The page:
From Jorja Smith to Lolo Zouaï to Missy Elliott: all the songs you need for the late summer heatwave.

Missy Elliot – “Throw It Back”

Misdemeanor’s (back) in the house. For the first time in fourteen years, Missy Elliott has blessed us with a collection of new music, this time in the form of an EP, Iconology.

The video for the EP’s opening track “Throw It Back” begins with Teyana Taylor (who you might recognise from Kanye’s Fade video) educating a little girl about the icon that is Missy Elliott, before the queen herself takes over the screen, appearing in a multitude of different noughties-style outfits. Announcing the surprise EP and video drop to her fans on Twitter last night, the game-changing rapper wrote “let’s #ThrowItBack to a time when music just felt good and made us want to dance!” Amen to that.

Jorja Smith – “Be Honest” (feat. Burna Boy)

Hot Girl Summer ain’t over yet. Jorja Smith’s new self-assured track “Be Honest” is full of the spirit of summer (and preempts the blazing heat coming this weekend).

With a guest verse from Burna Boy, “Be Honest” blends Smith’s soulful vocals with dancehall beats as the Drake protege seemingly sings to a crush. The vibrant video features Smith and friends attempting to cool down in a London heatwave by floating in a pool, riding a motorbike and dancing around various locations in Peckham. We’ll be channelling the same energy this weekend in the Bank Holiday sun, minus the motorbike maybe…

OTHERLiiNE – “Chimes”

When a song boasts creative direction from Alexander Brown, known for his work with Maribou State and James Blake, you know you can expect dreamy beats and sophisticated production, but this track from new partnership OTHERLiiNE has exceeded our expectations. “Chimes” is a perfect introduction to the partnership of two esteemed producers, George FitzGerald and TJ “Lil Silva” Carter – the latter having worked with Adele and Mark Ronson. Think Jamie XX meets Kaytranada with a bit of Four Tet mixed in.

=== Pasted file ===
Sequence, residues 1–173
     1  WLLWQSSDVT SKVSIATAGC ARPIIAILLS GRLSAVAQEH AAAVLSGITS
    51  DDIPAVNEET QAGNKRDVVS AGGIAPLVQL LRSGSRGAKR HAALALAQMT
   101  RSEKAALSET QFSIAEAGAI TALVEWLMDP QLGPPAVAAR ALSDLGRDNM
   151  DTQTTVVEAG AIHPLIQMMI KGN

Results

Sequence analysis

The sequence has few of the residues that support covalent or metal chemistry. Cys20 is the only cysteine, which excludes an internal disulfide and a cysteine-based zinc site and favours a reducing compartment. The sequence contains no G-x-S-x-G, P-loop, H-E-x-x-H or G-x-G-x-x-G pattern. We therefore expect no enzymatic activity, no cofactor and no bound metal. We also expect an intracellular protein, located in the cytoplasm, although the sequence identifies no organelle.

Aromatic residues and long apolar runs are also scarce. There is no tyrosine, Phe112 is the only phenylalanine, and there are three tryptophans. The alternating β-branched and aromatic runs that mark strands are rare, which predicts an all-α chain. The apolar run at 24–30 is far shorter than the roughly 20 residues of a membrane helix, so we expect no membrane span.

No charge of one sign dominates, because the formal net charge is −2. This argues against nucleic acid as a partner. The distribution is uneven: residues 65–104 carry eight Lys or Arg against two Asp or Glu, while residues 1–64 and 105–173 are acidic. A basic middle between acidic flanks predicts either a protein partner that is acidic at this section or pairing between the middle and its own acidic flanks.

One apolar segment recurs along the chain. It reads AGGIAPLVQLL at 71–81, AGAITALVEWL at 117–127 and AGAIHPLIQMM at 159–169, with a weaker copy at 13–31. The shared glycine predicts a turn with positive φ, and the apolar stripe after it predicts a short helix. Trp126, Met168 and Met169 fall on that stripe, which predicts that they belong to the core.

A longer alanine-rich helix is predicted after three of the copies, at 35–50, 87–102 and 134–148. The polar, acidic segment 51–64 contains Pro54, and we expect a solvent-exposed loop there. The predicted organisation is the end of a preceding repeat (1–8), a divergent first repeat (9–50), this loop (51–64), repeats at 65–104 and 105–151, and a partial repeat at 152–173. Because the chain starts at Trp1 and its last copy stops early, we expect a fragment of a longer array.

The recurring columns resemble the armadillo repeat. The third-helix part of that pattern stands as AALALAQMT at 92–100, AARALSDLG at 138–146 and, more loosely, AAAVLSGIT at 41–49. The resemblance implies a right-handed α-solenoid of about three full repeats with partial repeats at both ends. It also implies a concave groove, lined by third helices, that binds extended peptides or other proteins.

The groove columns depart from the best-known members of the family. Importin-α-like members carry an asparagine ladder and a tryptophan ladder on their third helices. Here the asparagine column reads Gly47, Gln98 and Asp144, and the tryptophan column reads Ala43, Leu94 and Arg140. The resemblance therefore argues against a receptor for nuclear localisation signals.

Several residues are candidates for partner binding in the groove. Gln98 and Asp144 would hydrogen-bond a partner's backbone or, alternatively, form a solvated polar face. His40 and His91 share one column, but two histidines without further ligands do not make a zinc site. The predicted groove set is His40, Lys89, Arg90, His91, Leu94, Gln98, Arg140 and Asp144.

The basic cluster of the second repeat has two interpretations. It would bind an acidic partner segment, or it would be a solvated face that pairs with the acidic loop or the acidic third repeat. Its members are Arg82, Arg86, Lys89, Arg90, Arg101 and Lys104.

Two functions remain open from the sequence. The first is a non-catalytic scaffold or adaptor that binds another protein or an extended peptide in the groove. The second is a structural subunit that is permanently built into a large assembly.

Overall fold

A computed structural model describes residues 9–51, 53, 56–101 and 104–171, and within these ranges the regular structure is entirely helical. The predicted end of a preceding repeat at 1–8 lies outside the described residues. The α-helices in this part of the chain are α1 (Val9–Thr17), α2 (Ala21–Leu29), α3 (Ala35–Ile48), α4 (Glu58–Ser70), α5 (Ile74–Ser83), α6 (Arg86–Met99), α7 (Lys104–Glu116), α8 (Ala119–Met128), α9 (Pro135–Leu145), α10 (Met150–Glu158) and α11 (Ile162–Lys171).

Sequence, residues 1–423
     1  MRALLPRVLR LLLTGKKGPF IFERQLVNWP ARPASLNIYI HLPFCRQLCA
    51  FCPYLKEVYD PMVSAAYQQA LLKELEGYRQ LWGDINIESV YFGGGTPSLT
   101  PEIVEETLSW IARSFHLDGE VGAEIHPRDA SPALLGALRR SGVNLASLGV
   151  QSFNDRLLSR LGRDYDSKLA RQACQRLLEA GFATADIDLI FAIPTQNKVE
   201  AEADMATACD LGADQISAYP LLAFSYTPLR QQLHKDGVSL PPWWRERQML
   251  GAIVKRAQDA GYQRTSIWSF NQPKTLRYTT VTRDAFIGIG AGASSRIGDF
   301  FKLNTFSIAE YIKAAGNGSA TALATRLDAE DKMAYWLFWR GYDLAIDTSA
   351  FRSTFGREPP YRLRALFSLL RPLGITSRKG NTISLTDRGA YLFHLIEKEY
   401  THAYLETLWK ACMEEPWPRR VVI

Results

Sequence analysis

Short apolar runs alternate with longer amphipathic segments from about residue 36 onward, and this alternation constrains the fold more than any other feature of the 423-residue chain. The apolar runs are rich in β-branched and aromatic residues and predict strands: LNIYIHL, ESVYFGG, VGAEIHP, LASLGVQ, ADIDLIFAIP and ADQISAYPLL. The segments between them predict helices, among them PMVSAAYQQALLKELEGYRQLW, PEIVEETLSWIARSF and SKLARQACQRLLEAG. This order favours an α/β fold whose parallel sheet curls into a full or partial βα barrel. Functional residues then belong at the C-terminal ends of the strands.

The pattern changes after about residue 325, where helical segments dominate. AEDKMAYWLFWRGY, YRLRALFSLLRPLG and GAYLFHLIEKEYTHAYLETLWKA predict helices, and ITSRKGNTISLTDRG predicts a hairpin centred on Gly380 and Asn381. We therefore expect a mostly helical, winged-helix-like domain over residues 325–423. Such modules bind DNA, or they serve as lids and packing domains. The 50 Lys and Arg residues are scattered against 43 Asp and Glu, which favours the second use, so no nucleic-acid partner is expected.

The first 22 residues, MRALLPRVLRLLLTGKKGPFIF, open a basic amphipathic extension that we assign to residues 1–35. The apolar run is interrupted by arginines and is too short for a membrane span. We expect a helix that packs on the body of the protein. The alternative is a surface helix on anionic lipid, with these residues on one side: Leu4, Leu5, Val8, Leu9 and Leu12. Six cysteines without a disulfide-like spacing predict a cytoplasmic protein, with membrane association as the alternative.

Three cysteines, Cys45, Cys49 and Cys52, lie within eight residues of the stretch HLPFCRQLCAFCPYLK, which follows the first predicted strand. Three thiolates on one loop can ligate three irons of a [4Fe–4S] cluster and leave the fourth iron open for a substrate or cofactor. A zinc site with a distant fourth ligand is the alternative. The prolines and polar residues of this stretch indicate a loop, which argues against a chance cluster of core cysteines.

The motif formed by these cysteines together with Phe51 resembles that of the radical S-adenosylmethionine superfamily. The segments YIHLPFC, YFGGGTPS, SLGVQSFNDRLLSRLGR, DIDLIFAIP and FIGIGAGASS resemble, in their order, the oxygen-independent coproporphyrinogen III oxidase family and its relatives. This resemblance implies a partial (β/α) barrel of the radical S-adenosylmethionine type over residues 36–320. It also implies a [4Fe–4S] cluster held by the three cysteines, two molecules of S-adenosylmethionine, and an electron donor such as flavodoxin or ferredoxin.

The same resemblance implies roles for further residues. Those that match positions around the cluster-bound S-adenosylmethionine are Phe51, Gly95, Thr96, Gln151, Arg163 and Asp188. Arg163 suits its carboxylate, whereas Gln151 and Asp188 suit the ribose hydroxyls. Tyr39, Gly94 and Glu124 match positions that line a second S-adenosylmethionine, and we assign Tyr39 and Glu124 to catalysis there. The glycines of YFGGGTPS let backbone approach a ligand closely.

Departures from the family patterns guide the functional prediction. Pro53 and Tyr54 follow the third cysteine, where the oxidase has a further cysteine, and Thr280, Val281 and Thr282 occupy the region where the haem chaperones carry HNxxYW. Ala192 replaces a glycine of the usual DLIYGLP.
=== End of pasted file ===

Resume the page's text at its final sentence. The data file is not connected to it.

WSTRN – “Night & Day”

WSTRN are back, continuing their blend of Afroswing, hip-hop and reggae with silky-smooth vocals on their latest track, “Night & Day”. The video sees the British duo across the pond in New York, while their experimental sound shines through in the song, providing the perfect late-summer anthem that feels simultaneously refreshing and timeless. While their award-winning songs have racked up over 400 million streams so far, it looks like the pair aren’t planning on slowing down any time soon.

Lolo Zouaï – “Caffeine”

French-Algerian singer Lolo Zouaï is only getting bigger and better, releasing another video from April’s debut album High High to Low Lows, following collaborations with Blood Orange and HER. “Caffeine” sees Zouaï drinking cans of pop with her name on in the neon-tinged visuals, singing “Pull up, I don’t wanna cuddle” in her sugar-sweet voice. The electro-pop banger is undeniably addictive, plus the merging of candy-cane and fluorescent aesthetics in the video are a moodboard for life.

Liz Lawrence – “USP”

Offering solace to anyone struggling with self-confidence and those inevitable feelings of insecurity, Liz Lawrence blesses us with a mantra for Gen Z, gleefully singing “they say you can’t, but you can” in this indie-pop anthem. “USP”, from Lawrence’s upcoming and entirely self-produced album Pity Party, is as personal as it is universal. “I think almost every generation is scared that their generation is going to be the last one”, the British singer (who has toured with Bombay Bicycle Club) explains. “…but it’s quite hard to deny that it feels as if we’re hurtling towards disaster”.

Freddie Long – “Caused By Grace”

“Caused By Grace” is Freddie Long’s “most personal release to date”, and it’s clear – Long’s brooding lyrics are perfectly accompanied by the song’s beautifully intimate (self-directed) visuals, which depict acclaimed dancer Grace Jabbari in the middle of a sunset beach storm. The singer gives us an insight into his experiences and reflects on his past, with Grace serving as the “metaphorical object of his misguided attentions”.


Related → Related → Related → Related → Related → Related → Related → Related → Related → Related → Related → Related → Related → Related → Related → Related → Related → Related → Related → Related →